I generally keep my work color-neutral until the final stages, preferring to concentrate on concept, composition, design, and focal point before developing a color palette. This insures that the work has a solid tonal foundation which isn’t lost when color is applied. Simply stated, tonal harmony is “a pleasing pattern in the balance between light and dark.” Before I introduce my latest work, THE JUPITER EXPEDITION, I’d like to point out a technique you may find useful when evaluating the tones in your own art: Convert to grayscale. Before you send your paintings, photographs or digital creations into the world, look at them in grayscale. Does the work hold up in a pleasing way, or is color being used to disguise tonal deficiencies? Some art is intended to be low-contrast, but if your work can benefit from balanced tonal separation and tonal harmony, there is no quicker way to identify areas of weakness than with grayscale. Now, on to the new art! I like lost civilizations, ancient tombs and daring expeditions. But…can those themes — and especially those feelings — be conveyed in abstract works of art? I think so, and with a fair amount of drama and imagination. THE JUPITER EXPEDITION was very exciting to work on, from the first tentative anchor shapes to the tattered edges and bleeding tones, to the final explosion of crimson and gold. For me, it is a remarkably satisfying piece. I hope it is for you, too. As shown — Finished size: 46.0″ x 32.8″ Print on Somerset Velvet Fine Art: 32.0″ x 18.0″ Frame: Wide Bronze Scoop, 3.5″ width Top Mat:...

What’s In A Name?

Titles are not just a way to catalog art, but an important signpost which connects artists to their audience. Thoughtful naming allows/suggests a path for viewers to more fully experience the art’s meaning and it’s overall effect. For me, naming a new piece of art can sometimes take longer than creating it in the first place. That’s how important names are. Certainly, there is the other side of the coin. Over the years I’ve had discussions with artists who refuse to name their work beyond “Untitled”. They say “I don’t want to influence what the viewer sees in them.” I understand their logic, especially with regard to abstract pieces. However, I’m not willing to divorce myself from my work to that degree. Not anymore, anyway. Naming the art gives that art it’s soul. Now it’s ready; now it’s complete. And there’s no getting around it — the title gives my patrons and viewers an important connection to me, the artist. It is additional insight into my mood, my process, my emotions and my moment. I have often thought that a piece’s title should pop into my head when I’m doing the work, or at least during the last hours of completion. But no. Whichever part of my brain is responsible for naming things is completely shut off when I’m creating art. That turns out to be a good thing. Once finished with the visual, I can then look at the work with a slightly different set of eyes — less creative art lust and more contemplative afterglow. Ha! Perhaps at times I seek to balance an over-zealous image by...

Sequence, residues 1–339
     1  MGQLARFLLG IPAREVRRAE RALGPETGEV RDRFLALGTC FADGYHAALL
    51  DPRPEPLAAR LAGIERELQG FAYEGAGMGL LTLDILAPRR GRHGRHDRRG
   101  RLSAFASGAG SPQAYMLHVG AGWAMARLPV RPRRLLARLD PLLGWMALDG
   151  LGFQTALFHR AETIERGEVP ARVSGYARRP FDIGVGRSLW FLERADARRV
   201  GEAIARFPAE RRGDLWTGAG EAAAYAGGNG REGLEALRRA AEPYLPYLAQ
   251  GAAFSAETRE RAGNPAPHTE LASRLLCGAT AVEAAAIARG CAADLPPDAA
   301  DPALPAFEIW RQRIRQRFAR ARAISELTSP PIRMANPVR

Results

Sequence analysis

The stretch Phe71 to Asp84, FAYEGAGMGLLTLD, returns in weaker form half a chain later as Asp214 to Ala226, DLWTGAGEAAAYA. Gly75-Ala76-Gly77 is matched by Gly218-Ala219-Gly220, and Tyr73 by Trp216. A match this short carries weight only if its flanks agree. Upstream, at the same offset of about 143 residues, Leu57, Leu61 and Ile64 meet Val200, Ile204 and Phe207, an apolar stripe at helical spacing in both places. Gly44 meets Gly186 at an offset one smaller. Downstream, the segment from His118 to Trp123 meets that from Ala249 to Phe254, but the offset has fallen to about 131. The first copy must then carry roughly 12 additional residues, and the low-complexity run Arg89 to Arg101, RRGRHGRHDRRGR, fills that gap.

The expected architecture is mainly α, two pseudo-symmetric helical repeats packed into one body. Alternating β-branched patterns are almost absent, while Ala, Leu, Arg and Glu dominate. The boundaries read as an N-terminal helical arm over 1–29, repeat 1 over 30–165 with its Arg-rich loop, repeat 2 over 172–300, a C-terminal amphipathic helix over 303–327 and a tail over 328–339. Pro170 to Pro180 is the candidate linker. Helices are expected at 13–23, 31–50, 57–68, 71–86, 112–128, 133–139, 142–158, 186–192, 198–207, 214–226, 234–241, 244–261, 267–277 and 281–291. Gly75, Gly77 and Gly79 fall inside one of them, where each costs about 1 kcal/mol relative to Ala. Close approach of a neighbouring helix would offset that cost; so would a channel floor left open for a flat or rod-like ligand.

Beautiful Black & White; Beautifully Unexpected

Design is my passion. When creating art, I see and feel design long before color, texture or even representative objects are a consideration. I spend inordinate amounts of time working out rhythm, harmony, contrast, tension and balance for each of my fine art compositions. MAGELLAN is the name of this black & white creation. I feel it projects a subtle map-like quality which conjures thoughts of daring expeditions into the unknown. It is an ode to ancient mariners, modern aviators and legions of future explorers who will hurtle through the galaxies in sleek star ships. The art was digitally created in Ultra Fractal, which means detail (above) at even the larger sizes is crisp and sure. In this instance, the image worked so well in black & white that color seemed superfluous and overreaching. I played with color, of course, but couldn’t improve upon the piece’s naked purity and bold confidence. This art also “finished” nicely. If you’re an artist, you know that on every project there is always something else you can do or would like to try. The tweaking can go on forever! I often say that art isn’t so much finished as abandoned. At some point you just have to sign your work and send it into the world and let it fend for itself. MAGELLAN didn’t put me through that. It practically screamed “Stop messing with me, I’m done!” I don’t generally show close-ups of frames, but look at this beautiful thing! Together with a set of white over black mats, MAGELLAN is very nicely dressed, like so: As shown — Finished size: 44.8″ x...

Purchase Fine Art Prints
Dan Turner Open Edition Fine Art Prints are available on a variety of museum-quality, fine art substrates, including paper, canvas, metal and acrylic. To explore mat, frame, size and price options in real time — and to order fine art prints — simply click the “Purchasing Options” link on any of the Gallery images. Please contact me if I can assist you with sizing or selection.

Contact
Dan Turner  |  P.O. Box 1372  |  Sedona, AZ 86339
Phone: 928-853-6093

email: dan@danturnerfineart.com
Click here to Get Free Email Updates